Malaysia sugar tax: Innovation and reformulation underway, but is it enough?
Malaysia has implemented its sugar tax targeting sugar-sweetened beverages (SSBs) in the country, which has led major beverage companies to reformulate products in an attempt to curb its impact – but is this enough to meet the government’s goal of combatting chronic diseases?
When the government announced the sugar tax implementation in the nation’s Budget 2019 back in November last year, its primary objective was stated to be ‘to address the issue […] of nearly one out of two Malaysians being obese’.
F&N Malaysia initially reacted by announcing that it was looking at a possible price increase for 90% of its products, which it later retracted and said that it would be reformulating some 70% of its products instead.
This appeared to be exactly what the government was aiming for with the sugar tax: Driving product reformulation to decrease sugar content and thus public consumption, which would supposedly also decrease local chronic disease rates. So can this be considered a definitive ‘good move’?
Stricter import rules: South Korea upgrades enforcement regulations for inbound food products
South Korea has upgraded the enforcement regulations for its Imported Food Act, with an import sanitation appraisal now mandatory for multiple types of food products.
According to Korea’s National Law Information Centre, as of June 19 the new sanitation assessment for imports is now necessary for foods where the exporter has requested for special handling (as per the ‘Food subject to special management’ clause in Article 10-2).
Food subject to special management here refers to food products that South Korea uses as food, which are not used or managed as food in an exporting country, such as fish head and internal organs.
“[The] establishments and/or operators of such manufacturing establishments overseas [that produce such foods] shall apply to the Director of Food and Drug Safety [at MFDS] via the governments of [the relevant] exporting countries for registration,” said the new regulations.
‘No more protectionism’: Boost for manufacturers as Malaysia stands firm on liberalisation of sugar market
Malaysian trade officials have insisted they are standing firm on a decision to grant sugar import licenses to eight Sarawak food and beverage manufacturers, allowing them to bypass local sugar refiners, despite vehement protests from the latter.
The import licenses were for up to 60% of the manufacturers’ sugar requirements, and signals a move by the government to liberalise the historically-monopolised sugar market, which is currently dominated by sugar refiners MSM Malaysia Bhd and Central Sugars Refinery Sdn Bhd (CSR).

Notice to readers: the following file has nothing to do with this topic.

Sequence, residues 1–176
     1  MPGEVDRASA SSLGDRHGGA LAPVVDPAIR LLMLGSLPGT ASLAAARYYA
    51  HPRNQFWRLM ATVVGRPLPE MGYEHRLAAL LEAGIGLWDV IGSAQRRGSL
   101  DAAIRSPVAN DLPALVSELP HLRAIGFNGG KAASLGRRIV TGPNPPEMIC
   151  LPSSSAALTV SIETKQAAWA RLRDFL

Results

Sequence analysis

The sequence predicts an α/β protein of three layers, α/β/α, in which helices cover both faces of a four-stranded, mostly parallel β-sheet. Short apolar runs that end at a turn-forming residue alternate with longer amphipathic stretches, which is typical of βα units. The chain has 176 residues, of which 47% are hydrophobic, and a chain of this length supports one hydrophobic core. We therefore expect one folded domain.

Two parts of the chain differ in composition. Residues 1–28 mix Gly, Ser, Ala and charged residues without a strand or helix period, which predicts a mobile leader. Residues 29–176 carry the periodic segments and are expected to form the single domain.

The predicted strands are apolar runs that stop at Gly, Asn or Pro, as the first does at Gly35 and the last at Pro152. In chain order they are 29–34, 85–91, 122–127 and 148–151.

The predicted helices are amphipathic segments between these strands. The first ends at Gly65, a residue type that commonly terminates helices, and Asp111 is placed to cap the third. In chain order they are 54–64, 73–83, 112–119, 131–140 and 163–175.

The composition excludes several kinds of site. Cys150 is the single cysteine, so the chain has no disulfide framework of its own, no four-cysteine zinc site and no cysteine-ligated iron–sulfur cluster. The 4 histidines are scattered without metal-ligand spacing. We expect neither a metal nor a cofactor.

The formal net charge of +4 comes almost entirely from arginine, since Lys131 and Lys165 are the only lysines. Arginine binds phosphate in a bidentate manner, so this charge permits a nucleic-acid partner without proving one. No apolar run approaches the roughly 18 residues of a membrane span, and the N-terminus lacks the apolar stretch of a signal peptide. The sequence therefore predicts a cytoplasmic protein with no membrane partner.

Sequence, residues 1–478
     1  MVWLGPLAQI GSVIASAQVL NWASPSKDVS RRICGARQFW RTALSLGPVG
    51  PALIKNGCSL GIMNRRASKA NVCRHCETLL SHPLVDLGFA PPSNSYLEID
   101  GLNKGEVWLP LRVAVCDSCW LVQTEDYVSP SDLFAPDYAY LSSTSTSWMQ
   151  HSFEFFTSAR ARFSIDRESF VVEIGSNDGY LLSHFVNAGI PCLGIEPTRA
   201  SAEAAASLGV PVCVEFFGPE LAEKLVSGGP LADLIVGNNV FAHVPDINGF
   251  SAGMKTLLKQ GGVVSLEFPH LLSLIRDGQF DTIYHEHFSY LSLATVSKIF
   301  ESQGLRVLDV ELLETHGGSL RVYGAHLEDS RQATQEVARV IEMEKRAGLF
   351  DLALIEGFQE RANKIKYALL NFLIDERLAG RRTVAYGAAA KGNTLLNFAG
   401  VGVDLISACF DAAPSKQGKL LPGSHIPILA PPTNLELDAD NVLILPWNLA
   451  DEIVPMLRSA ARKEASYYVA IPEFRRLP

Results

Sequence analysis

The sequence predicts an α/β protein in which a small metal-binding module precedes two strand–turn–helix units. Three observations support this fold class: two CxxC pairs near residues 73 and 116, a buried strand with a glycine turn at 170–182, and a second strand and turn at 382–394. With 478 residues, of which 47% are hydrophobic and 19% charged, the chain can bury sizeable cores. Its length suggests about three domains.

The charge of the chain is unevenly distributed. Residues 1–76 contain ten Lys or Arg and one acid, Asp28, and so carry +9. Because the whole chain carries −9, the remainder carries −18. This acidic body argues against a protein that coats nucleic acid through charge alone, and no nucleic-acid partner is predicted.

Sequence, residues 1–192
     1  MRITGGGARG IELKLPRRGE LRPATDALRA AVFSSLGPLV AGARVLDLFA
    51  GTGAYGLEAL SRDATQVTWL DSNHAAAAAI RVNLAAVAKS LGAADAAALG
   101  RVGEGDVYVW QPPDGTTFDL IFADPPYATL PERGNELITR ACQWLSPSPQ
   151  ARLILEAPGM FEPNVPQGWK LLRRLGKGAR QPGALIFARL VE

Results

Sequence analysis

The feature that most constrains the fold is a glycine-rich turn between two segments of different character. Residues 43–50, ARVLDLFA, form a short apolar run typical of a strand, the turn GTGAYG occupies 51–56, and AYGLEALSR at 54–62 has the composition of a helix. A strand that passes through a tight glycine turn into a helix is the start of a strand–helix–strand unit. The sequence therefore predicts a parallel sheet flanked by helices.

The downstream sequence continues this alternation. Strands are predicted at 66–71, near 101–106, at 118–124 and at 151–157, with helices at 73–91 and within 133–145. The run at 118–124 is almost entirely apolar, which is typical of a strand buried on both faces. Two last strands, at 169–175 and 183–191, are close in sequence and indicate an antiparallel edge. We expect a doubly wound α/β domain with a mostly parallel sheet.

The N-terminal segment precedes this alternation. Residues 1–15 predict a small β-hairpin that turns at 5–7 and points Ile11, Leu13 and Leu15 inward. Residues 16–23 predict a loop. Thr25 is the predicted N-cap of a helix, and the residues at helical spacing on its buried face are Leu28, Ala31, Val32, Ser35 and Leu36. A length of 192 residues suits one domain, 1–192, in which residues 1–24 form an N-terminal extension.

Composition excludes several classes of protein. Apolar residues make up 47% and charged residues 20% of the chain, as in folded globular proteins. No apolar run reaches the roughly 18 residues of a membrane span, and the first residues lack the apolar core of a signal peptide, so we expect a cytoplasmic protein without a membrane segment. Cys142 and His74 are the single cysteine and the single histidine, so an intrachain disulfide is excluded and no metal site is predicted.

In a statement, Deputy Domestic Minister Chong Chieng Jen from the Malaysian Ministry of Trade and Consumer Affairs (KPDNHEP) said that no reversals would be made for the import permits, and instead the ministry had plans to grant more of these to other companies across the country moving forward.
Taxes galore: Pakistan to double sugar taxation as part of effort to secure IMF bailout funds
The Pakistani government will be doubling the country’s sugar tax to 17% as well as implementing a raft of other levies, as revealed in the country’s recent Federal Budget 2019-20 announcement.
At present, sugar in the country is subject to an 8% sales tax, which led to a tax collection of some PKR18bn (US$115mn) for the incumbent Pakistan Tehreek-e-Insaf (PTI) government, but this is ‘lower than its actual potential’, according to Pakistani State Minister of Revenue Hammad Azhar.
Presenting the budget at the National Assembly, Azhar said that: “To maximise this tax gap and to harmonise its rate with other items, it is proposed that the sales tax rate on sugar may be enhanced to 17%.”
Cheap, dangerous oil: Indian FDA warning over adulterated products amid FSSAI rule change
The Tamil Nadu Food Safety and Drug Adminstration Department has warned the Indian public about the continued dangers of adulterated edible oil despite a recent labelling change made by the Food Safety and Standards Authority of India (FSSAI).
The state government food safety agency conducted a raid on a local oil mill earlier this year, and issued the warning after it discovered that higher-priced oils from sesame and groundnut were being adulterated with palm oil.
“[We found that] palm oil was being mixed with sesame oil and groundnut oil, [and unaware consumers were purchasing these] because of the cheap price,” said Tamil Nadu Food Safety and Drug Adminstration Department Designated Officer Dr R. Chithra.